The stock market moved higher on Tuesday, led by a fairly wide range of industries. Technology stocks were strong, but consumer and healthcare stocks also contributed to big gains for the market. The Nasdaq Composite (NASDAQINDEX:^IXIC) once again led all major indexes, but the Dow Jones Industrial Average (DJINDICES:^DJI) and S&P 500 (SNPINDEX:^GSPC) also managed to post gains.

Today's stock market

Index

Percentage Gain

Point Gain

Dow

2.39%

559

S&P 500

3.06%

84

Nasdaq Composite

3.95%

323

Data source: Yahoo! Finance.

Largely left behind in the rally today were bank stocks, many of which are releasing their earnings this week. JPMorgan Chase (NYSE:JPM) and Wells Fargo (NYSE:WFC) were on the list this morning, while Bank of America (NYSE:BAC), Goldman Sachs (NYSE:GS), and US Bancorp (NYSE:USB) will join them with releases on Wednesday. If B of A and its peers can't do better than JPMorgan and Wells did, then it could be a long week for the financial sector -- and a tough year for shareholders.

What early bank earnings releases have already told us

The news today from JPMorgan and Wells showed the challenges that banks are facing. JPMorgan reported a 3% drop in net revenue, but the bank dramatically boosted its allowances for credit losses, with a total of $8.3 billion representing a fivefold increase from year-ago levels. The banking giant blamed not only the coronavirus pandemic's economic fallout but also plunging oil prices for the increase. As a result, net income was lower by 70% year over year.

Investors didn't take any solace from the fact that some fundamentals of JPMorgan's business looked strong. Loan volume, deposits, investment assets, and credit card sales were all higher for the quarter. Trading volume stemming from volatile markets also helped cushion the blow for the bank's operations.

Automated teller machines at a Chase branch with marbled white floors and walls and the Chase logo.

Image source: JPMorgan Chase.

Wells took an even bigger hit to its bottom line, with two sets of issues hurting the bank. Wells added $3.1 billion to its loan loss reserves, but it also took a $950 million impairment charge for securities in its portfolio. That led to earnings of just $0.01 per share, down from $1.20 per share in the year-earlier quarter. Charge-offs and loans 90 days or more past due climbed substantially, and unfortunately, Wells didn't see the same rise in trading revenue that JPMorgan did. Wells stock fell 4%.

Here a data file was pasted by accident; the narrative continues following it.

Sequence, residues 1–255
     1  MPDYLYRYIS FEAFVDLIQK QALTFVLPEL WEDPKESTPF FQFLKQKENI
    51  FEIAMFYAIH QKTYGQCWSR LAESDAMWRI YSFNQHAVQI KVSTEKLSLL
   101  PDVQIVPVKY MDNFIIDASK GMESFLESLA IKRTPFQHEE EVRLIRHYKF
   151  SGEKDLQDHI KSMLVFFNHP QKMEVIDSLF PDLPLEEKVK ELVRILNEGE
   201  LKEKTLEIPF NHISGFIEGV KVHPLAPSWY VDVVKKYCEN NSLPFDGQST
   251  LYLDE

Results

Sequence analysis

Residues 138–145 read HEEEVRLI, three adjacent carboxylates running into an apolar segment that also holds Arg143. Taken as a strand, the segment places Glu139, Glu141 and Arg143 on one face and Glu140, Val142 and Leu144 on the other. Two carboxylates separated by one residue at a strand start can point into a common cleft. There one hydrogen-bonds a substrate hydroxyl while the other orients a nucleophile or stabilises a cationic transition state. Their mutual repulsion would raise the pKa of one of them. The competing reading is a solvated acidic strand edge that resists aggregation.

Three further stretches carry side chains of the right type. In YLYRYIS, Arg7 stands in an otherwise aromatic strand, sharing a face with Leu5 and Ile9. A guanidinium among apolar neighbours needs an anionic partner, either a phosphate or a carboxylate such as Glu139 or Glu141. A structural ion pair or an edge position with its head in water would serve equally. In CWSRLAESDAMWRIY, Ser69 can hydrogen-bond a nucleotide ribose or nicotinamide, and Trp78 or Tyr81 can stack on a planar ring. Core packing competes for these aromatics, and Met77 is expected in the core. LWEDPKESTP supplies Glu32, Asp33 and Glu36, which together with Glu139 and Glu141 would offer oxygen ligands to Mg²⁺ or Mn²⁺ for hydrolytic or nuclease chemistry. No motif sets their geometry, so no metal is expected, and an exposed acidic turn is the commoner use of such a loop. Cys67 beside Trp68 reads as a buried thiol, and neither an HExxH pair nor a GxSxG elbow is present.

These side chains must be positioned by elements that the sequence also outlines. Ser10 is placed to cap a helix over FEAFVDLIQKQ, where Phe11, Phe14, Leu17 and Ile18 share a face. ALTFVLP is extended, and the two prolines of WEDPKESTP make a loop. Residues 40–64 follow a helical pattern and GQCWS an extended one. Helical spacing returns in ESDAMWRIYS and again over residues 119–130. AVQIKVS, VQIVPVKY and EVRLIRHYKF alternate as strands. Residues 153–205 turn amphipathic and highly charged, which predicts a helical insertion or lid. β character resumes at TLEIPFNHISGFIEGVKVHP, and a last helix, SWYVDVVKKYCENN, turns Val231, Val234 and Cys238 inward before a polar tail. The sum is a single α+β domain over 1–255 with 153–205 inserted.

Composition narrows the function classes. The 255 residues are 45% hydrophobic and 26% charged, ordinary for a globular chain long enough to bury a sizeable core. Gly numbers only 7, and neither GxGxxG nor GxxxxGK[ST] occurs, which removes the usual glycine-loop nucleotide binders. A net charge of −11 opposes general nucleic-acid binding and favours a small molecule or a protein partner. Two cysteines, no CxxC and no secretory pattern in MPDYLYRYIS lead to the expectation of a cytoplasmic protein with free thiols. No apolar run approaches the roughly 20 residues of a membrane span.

Will other banks get hurt?

For banks on deck with their own earnings, the losses weren't as severe. Bank of America dropped less than 1%, even though investors see its earnings per share falling by a third from year-ago levels. That represents a significant downgrade just in the past week as investors have seemed to acknowledge the reality of the situation for the financial industry. Similarly, Goldman was down just 0.5% as shareholders brace for a likely 40% drop in the Wall Street giant's bottom line. US Bancorp took the biggets hit, falling 3% in anticipation of a similar-sized decline in earnings.

The less dramatic drops hold out hope that these three banks could buck the trend that Wells and JPMorgan set. For B of A and Goldman, substantial trading operations could offer similar consolation to handle any losses from added loan provisions. The fact that Goldman is just now starting to ramp up its retail banking operations could be fortuitous, as it could insulate the company from some of the factors that more retail-centered banks like B of A and US Bancorp face.

Bank stocks face a tough environment, with low rates limiting their ability to earn net interest income. That caps potential growth, making them look less attractive than stocks in other sectors with better prospects. With the possibility of falling earnings throughout 2020, the chance of big banks being value traps is high enough to steer many investors clear of the sector entirely.